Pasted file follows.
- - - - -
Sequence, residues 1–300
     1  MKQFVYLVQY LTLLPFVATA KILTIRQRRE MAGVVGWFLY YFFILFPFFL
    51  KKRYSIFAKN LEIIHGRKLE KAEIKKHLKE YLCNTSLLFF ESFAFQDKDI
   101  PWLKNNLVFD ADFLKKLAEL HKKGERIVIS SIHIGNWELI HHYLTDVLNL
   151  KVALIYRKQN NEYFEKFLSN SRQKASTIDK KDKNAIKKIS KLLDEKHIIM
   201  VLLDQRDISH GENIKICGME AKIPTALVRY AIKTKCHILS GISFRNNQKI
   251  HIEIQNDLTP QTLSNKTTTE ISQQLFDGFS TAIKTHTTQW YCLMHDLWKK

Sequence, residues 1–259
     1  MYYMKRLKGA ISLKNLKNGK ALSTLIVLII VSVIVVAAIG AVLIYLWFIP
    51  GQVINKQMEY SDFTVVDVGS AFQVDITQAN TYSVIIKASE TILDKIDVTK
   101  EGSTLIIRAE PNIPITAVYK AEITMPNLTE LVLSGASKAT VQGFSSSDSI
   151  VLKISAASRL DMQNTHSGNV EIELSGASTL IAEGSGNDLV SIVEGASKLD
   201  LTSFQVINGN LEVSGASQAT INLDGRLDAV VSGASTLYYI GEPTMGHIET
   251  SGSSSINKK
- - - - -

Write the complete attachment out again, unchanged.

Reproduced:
Sequence, residues 1–300
     1  MKQFVYLVQY LTLLPFVATA KILTIRQRRE MAGVVGWFLY YFFILFPFFL
    51  KKRYSIFAKN LEIIHGRKLE KAEIKKHLKE YLCNTSLLFF ESFAFQDKDI
   101  PWLKNNLVFD ADFLKKLAEL HKKGERIVIS SIHIGNWELI HHYLTDVLNL
   151  KVALIYRKQN NEYFEKFLSN SRQKASTIDK KDKNAIKKIS KLLDEKHIIM
   201  VLLDQRDISH GENIKICGME AKIPTALVRY AIKTKCHILS GISFRNNQKI
   251  HIEIQNDLTP QTLSNKTTTE ISQQLFDGFS TAIKTHTTQW YCLMHDLWKK

Sequence, residues 1–259
     1  MYYMKRLKGA ISLKNLKNGK ALSTLIVLII VSVIVVAAIG AVLIYLWFIP
    51  GQVINKQMEY SDFTVVDVGS AFQVDITQAN TYSVIIKASE TILDKIDVTK
   101  EGSTLIIRAE PNIPITAVYK AEITMPNLTE LVLSGASKAT VQGFSSSDSI
   151  VLKISAASRL DMQNTHSGNV EIELSGASTL IAEGSGNDLV SIVEGASKLD
   201  LTSFQVINGN LEVSGASQAT INLDGRLDAV VSGASTLYYI GEPTMGHIET
   251  SGSSSINKK